Form and Content
While Maria Edgeworth’s name was not unknown to the reading public when Castle Rackrent was first published, nothing that she had previously written could have prepared even her most devoted reader for her first novel. In theme, tone, and form, Castle Rackrent is entirely original, and its originality is not merely a matter of fashion but endures so as to make this work a landmark in the development of fiction as not only an art but also a powerful form of cultural discourse. Even the story of Castle Rackrent is one that had either been taken for granted or inadequately handled. The political and economic decline of the Irish landlord class, the ramshackle and unproductive lives that this class allegedly lived, and the rather miserable country in which all this took place featured in English fiction largely as clichés. While Edgeworth handles the subject satirically, there is an intimacy between author and subject that created a permanent change in the way such material could be approached.
Two features of the story merit special attention. The first is the representation of decline as a gradual, generational phenomenon. The mismanagement and recklessness of successive generations of Rackrents, from Sir Patrick to Sir Murtagh to Sir Kit and culminating in the extended treatment of Sir Condy, the last of the line, is not merely one of the novel’s satirical strategies. It also facilitates the introduction of a historical component to the text, which the author’s editorial apparatus supplies. This inclusion of such material draws attention to the fact that Edgeworth’s intention is not to deride the Rackrents but to represent them as an object lesson from which a new social dispensation among Irish landlords may be drawn.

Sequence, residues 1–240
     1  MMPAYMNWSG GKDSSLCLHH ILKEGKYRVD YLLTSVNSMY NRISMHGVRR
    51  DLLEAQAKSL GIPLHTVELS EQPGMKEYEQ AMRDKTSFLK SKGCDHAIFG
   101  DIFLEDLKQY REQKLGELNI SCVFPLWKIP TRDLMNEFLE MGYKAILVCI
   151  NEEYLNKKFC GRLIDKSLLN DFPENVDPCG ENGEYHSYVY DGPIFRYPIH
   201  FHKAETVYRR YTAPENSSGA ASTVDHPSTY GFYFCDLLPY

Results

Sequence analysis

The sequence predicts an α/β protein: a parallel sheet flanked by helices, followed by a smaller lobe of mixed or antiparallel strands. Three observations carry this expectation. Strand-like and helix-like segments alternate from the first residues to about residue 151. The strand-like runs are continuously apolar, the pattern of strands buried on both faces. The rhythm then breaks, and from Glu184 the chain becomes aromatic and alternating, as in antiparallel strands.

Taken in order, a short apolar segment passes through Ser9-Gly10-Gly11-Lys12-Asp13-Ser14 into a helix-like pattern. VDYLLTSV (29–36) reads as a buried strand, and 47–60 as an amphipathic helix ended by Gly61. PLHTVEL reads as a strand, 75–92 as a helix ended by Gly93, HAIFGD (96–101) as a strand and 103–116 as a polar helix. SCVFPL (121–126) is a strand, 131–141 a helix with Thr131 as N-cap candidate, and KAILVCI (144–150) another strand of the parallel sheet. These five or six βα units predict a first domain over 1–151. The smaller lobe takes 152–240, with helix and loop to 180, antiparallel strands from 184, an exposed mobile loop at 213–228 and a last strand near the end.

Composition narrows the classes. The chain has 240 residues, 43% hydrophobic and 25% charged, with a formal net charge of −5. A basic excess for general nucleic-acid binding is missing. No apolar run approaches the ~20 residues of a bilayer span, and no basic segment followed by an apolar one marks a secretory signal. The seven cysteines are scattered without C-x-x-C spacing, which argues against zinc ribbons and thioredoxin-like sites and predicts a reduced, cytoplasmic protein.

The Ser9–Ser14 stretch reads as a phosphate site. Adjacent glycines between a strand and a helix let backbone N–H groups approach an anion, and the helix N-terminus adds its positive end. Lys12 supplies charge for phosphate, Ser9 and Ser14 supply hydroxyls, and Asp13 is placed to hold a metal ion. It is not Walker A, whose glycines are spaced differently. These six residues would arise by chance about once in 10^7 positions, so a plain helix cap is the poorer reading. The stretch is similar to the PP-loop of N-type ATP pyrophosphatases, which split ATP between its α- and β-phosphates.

The novel’s second noteworthy feature is its impersonation of the family retainer, Thady Quirk. This feat of mimicry gives at least the semblance of a presence to the class dependent on the...
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